Dr Camilla Svensson, Karolinska Institutet

Even less surprising then is that of the 2–4% of people estimated to be fibromyalgia sufferers, researchers have indicated the comorbidity rate with rheumatoid arthritis to vary between 10% and 30%, depending on the region examined. For Svensson, this begs an important question regarding rheumatoid arthritis patients with persistent pain after effective treatment: “Is this fibromyalgia? Or is it just a central nervous system consequence of an autoimmune condition where patients have had long-lasting activity in the pain fibres, which has led to changes at the level of the spinal cord and brain?” This latter theory is based on the idea of centralised pain or centralised sensitisation, essentially meaning that the mechanisms behind the body’s pain signals are somehow impaired – although the cause of this impairment is unknown.

Potential treatments

The centralised pain explanation has been the dominant theory for a while now, which is why the research of Svensson, along with her colleagues Dr David Andersson and Professor Stuart Bevan of KCL, was so groundbreaking. In the study, the researchers injected mice with either IgG antibodies from fibromyalgia patients, or from healthy control subjects. The result was significant differences on tests designed to evaluate mechanical and cold hypersensitivity, muscular strength, and fatigue, with the negative consequences exhibited only by those given fibromyalgia IgG. The researchers also administered IgG-depleted serum as an extra control measure and found no significant differences on the tests.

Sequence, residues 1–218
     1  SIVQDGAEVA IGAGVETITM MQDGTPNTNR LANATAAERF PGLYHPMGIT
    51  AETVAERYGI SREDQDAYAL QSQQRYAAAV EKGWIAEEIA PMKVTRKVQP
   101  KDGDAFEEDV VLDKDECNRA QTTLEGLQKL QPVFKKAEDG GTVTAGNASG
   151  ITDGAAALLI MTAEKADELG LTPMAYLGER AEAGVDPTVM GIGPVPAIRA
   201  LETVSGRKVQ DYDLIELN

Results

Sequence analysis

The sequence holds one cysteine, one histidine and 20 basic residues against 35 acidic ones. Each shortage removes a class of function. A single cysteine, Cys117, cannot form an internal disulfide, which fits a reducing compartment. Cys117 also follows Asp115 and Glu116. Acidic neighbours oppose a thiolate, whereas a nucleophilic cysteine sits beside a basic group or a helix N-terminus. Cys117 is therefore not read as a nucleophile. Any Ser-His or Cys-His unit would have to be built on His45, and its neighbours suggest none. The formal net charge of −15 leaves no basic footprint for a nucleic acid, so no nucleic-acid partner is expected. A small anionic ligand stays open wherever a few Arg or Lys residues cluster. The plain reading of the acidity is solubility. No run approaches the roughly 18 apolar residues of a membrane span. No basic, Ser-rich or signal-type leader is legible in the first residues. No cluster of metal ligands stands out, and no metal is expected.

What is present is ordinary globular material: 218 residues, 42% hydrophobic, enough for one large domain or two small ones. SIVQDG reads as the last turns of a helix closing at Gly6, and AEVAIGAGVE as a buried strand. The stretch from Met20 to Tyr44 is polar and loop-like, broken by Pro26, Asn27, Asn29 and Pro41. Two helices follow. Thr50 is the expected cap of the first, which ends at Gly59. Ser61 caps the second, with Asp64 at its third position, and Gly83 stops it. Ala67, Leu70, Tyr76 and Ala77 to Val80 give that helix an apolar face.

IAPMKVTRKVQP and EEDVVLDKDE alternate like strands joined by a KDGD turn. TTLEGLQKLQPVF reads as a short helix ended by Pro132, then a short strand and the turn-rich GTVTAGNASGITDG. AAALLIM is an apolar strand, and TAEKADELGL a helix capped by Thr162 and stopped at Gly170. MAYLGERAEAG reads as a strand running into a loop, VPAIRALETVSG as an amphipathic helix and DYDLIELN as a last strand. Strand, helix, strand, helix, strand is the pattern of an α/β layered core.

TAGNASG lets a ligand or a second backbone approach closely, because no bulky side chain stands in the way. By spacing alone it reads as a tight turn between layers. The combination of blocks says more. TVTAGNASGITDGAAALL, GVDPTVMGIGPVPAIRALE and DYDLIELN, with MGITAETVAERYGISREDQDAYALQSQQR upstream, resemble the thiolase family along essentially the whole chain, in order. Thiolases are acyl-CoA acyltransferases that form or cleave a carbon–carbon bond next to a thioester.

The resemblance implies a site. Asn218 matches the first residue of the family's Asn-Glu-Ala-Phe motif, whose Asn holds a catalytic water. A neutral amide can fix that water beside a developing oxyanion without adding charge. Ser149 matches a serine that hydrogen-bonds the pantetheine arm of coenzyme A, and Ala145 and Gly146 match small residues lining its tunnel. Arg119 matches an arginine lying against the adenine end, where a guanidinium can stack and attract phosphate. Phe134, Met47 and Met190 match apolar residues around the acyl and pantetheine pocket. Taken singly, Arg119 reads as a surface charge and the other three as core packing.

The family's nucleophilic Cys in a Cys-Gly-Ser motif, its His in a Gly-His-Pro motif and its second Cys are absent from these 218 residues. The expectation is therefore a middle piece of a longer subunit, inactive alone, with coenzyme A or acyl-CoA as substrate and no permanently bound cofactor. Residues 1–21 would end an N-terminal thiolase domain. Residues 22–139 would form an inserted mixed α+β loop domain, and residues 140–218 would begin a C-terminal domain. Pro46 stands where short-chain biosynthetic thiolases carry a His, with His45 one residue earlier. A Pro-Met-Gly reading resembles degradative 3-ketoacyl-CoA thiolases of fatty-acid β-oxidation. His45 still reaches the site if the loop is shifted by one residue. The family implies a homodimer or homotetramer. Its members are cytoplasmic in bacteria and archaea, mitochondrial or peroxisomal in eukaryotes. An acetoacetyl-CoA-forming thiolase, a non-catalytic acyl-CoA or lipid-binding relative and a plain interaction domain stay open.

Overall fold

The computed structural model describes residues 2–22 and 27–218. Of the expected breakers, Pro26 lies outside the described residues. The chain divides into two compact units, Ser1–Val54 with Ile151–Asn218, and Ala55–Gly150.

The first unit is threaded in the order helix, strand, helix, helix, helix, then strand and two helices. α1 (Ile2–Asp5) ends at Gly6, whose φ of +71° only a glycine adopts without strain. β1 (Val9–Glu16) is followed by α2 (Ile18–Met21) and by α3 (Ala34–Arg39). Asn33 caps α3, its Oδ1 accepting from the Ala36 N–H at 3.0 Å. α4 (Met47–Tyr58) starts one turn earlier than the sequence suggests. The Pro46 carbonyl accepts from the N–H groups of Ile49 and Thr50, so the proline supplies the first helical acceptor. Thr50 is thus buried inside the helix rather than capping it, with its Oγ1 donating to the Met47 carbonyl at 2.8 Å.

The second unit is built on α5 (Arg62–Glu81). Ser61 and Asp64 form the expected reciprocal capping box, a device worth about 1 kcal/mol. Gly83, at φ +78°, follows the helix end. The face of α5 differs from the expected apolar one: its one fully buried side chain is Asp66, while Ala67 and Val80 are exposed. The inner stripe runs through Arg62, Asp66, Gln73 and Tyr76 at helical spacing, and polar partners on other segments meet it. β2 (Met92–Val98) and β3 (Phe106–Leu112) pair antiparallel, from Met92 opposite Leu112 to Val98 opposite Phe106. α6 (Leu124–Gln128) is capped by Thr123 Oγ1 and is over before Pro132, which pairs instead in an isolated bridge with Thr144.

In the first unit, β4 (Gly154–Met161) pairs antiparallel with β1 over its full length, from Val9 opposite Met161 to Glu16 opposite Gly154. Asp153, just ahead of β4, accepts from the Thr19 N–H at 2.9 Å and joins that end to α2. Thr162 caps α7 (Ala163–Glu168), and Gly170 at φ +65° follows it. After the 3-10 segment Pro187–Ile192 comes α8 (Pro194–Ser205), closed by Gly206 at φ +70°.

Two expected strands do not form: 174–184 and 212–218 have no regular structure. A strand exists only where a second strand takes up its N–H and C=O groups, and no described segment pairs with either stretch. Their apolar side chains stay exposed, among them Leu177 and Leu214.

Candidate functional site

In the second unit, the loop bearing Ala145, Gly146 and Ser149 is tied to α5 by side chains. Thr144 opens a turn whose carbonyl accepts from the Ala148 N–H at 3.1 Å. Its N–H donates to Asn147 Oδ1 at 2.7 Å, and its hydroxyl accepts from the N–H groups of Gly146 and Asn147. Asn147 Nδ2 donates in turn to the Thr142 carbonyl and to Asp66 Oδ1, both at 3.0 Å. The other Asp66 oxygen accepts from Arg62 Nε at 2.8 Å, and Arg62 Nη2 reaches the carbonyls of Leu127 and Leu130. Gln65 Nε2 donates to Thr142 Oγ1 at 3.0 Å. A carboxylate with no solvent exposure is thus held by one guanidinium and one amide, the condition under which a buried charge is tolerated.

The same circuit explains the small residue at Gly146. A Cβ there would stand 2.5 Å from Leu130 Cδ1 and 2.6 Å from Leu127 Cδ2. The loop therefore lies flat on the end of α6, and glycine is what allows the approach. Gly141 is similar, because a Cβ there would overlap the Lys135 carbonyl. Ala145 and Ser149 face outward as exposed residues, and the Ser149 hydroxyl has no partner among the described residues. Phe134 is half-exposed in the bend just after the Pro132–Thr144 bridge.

These results raise an interesting question: if the human IgG of fibromyalgia sufferers is pathogenic, can immunomodulation therapy eliminate the symptoms? With strong moral and ethical reasons not to try and replicate the research using healthy humans instead of mice, Andersson and Bevan believe this could be the most definitive way to test their hypothesis that fibromyalgia is sustained by IgG antibodies in the immune system.

“If we can transfer symptoms from patients to mice using the antibodies, we would also expect removing these antibodies from patients to at least give symptomatic relief,” says Andersson. “You either need to stop the production [of antibodies] in the patient, or remove them from circulation.” Perhaps one reason the likes of Andersson, Bevan and Svensson believe fibromyalgia could have an autoimmune cause is that such a treatment would be similar to that of other diseases in this category, like systemic lupus erythematosus, Sjogren’s syndrome and autoimmune forms of encephalitis – all of which tend to be managed using immunomodulatory treatments.

The first port of call tends to be lowering the number of immune cells using drugs like corticosteroids, but in severe cases that fail to respond adequately to a pharmacological approach, plasmapheresis – a therapy that separates plasma from the blood – has been used to remove them altogether. Plasmapheresis is time-consuming, expensive and carries inherent risks (although, so does long-term corticosteroid use), but due to the absolute reduction of IgG, Andersson and Bevan see it as the natural litmus test in humans for their theory that fibromyalgia is autoimmune.